As you can see, the way sets store their members based on uniqueness gives us some really powerful (and fast!) capabilities that we can use in many interesting ways 👍. There's also APIs like superset, union and more. Check out Set's official documentation for a full list.

Guarding using a set

Let's take a look at one final example. Sometimes you want to perform a certain operation only once for a given object (for example, in order to do any form of preloading or preparation), even if that object later ends up being reused. For example, let's say we have a protocol that enables us to define multiple operations for loading some form of content for our app. It requires each operation to define a prepare() method that only gets executed once, and a perform() method for actually performing the operation, like this:

protocol ContentOperation: AnyObject {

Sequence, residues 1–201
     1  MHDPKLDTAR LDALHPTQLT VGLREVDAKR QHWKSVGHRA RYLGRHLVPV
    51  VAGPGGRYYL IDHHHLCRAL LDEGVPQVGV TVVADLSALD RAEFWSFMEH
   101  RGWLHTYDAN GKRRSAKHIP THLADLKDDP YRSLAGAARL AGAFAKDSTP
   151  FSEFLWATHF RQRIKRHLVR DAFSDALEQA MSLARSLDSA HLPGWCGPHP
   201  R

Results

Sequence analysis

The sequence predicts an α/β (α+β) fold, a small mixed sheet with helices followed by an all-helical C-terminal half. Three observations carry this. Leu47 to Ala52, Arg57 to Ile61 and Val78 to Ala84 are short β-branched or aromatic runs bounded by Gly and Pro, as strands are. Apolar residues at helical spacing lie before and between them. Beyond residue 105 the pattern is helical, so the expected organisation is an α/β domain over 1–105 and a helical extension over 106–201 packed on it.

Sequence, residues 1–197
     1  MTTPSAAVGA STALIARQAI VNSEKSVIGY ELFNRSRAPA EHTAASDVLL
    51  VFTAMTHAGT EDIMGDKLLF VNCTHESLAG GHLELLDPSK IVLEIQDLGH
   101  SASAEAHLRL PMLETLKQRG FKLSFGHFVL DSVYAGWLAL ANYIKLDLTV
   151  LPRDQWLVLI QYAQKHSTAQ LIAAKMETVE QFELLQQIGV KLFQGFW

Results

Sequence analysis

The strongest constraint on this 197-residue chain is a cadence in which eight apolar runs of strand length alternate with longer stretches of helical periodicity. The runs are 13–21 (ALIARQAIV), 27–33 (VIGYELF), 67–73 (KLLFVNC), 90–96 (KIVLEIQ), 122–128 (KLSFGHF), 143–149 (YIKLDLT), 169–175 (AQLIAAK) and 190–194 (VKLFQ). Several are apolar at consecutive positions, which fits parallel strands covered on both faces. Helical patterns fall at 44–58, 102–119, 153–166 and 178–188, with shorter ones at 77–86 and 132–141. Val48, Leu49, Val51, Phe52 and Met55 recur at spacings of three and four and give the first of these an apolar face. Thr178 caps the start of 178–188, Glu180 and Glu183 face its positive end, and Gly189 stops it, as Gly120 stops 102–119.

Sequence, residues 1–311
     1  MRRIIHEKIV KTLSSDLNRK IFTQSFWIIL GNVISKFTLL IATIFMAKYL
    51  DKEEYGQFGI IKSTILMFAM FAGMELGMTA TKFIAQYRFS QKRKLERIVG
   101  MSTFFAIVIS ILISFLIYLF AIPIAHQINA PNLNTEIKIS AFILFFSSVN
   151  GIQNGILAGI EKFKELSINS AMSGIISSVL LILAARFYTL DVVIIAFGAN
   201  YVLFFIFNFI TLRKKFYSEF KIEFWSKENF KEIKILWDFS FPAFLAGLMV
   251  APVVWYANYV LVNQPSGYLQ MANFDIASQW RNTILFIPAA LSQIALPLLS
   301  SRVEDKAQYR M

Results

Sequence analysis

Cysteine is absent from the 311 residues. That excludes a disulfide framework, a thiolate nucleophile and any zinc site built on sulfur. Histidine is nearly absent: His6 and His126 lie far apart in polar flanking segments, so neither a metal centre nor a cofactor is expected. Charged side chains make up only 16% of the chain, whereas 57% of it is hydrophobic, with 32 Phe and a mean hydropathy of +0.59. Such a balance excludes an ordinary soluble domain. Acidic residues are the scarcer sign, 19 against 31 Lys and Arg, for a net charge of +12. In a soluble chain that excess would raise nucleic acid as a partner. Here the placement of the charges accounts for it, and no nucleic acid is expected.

/// Prepare/preload the operation. Only executed once.
    func prepare()

    /// Perform the operation using a content loader.
    func perform(using loader: ContentLoader,
                 then handler: @escaping () -> Void)
}

To perform an operation, it's then added to a ContentManager, like this:

class ContentManager {
    func perform(_ operation: ContentOperation,
                 then handler: @escaping () -> Void) {
        operation.perform(using: loader, then: handler)
    }
}

So how can we easily keep track of when to call the prepare() method on an operation (given that we only want to do it once per instance)? We're going to apply a similar solution as to when we used a set as an index to enable quick lookups, only this time we're going to take advantage of the fact that a set always returns whether or not a value was actually inserted whenever we add a new member to it.

We'll add a set that keeps track of the identifiers of all objects that have been prepared, and then we'll use a guard statement to return in case an ID wasn't actually inserted, like this: